Australian state to guarantee universities’ loans

 Australian state to guarantee universities’ loans

NSW offer will help ‘bridge the gap’ between Canberra’s lifeline and universities’ needs

Australia’s biggest state has promised to help universities plug the gap between the cost of the coronavirus and the modest assistance from Canberra.

The New South Wales (NSW) government says it will guarantee up to A$750 million (£413) in commercial loans to help the state’s 10 public universities recover from the impacts of Covid-19.

The offer could prove very beneficial, with many universities outlining plans to borrow money as well as cutting costs to weather the pandemic’s assault on their budgets.

Ratings agencies and economists have warned that the cost of debt has increased for universities compared to banks and governments, according to The Australian newspaper.

NSW tertiary education minister Geoff Lee said universities were vital to the state’s economic strength and productivity, and needed to be in a healthy state to help drive recovery from the pandemic.

Similar arguments have failed to influence federal government policy. Canberra agreed to maintain universities’ domestic funding at last year’s level and to waive some regulatory fees, but these measures are only expected to compensate universities for around one-seventh of the billions of dollars they expect to lose.

The government repeatedly changed the rules of the massive JobKeeper employment scheme to deny universities eligibility for subsidy payments that could have prevented thousands of academic job losses. Education minister Dan Tehan has refused to offer more, insisting that universities must refocus on domestic students and wean themselves off their reliance on fee-paying overseas students.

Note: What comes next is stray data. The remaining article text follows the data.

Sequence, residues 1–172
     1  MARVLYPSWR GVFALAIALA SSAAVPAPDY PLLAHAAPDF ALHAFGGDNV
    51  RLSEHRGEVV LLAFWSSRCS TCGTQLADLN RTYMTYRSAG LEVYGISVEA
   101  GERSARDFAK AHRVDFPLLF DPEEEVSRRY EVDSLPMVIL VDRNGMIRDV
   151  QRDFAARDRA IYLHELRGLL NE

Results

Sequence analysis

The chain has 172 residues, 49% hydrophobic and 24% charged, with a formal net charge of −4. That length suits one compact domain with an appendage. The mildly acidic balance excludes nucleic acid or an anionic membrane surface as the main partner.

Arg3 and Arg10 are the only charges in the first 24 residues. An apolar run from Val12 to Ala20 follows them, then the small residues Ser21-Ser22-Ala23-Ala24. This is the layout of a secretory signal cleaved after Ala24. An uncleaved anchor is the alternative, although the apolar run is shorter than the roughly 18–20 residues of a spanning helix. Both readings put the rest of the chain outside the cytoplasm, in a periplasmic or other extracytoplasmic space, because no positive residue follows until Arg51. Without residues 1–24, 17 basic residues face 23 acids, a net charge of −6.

NSW universities have collectively forecast losses of more than A$1.5 billion this year alone. The two biggest institutions, the University of Sydney and UNSW Sydney – which last year obtained more than 37 per cent of their combined revenue from overseas students, mainly Chinese – expect downturns of A$1.07 billion between them in 2020, with the losses accumulating in coming years.

NSW treasurer Dominic Perrottet said universities applying for loan guarantees would be asked to show how they intended to restructure their operations to make themselves more sustainable.

He said the state’s public universities directly employed the equivalent of almost 34,000 full-time staff and supported thousands of indirect jobs. “It is critical we position our universities for a dynamic recovery from the impacts of Covid-19,” he said.

“This is about…helping future proof these vital institutions, making them more resilient and enabling them to come out the other side of this pandemic stronger than ever.”

The commitment is the latest NSW government measure to assist universities and their students. On 3 June it earmarked A$6 million to help charities provide essentials like food and medicines for migrants and temporary visa holders, including international students, supplementing the A$20 million announced in May to bankroll temporary crisis accommodation for stranded international students.

The NSW government also says it has deferred A$100 million of university payroll tax.

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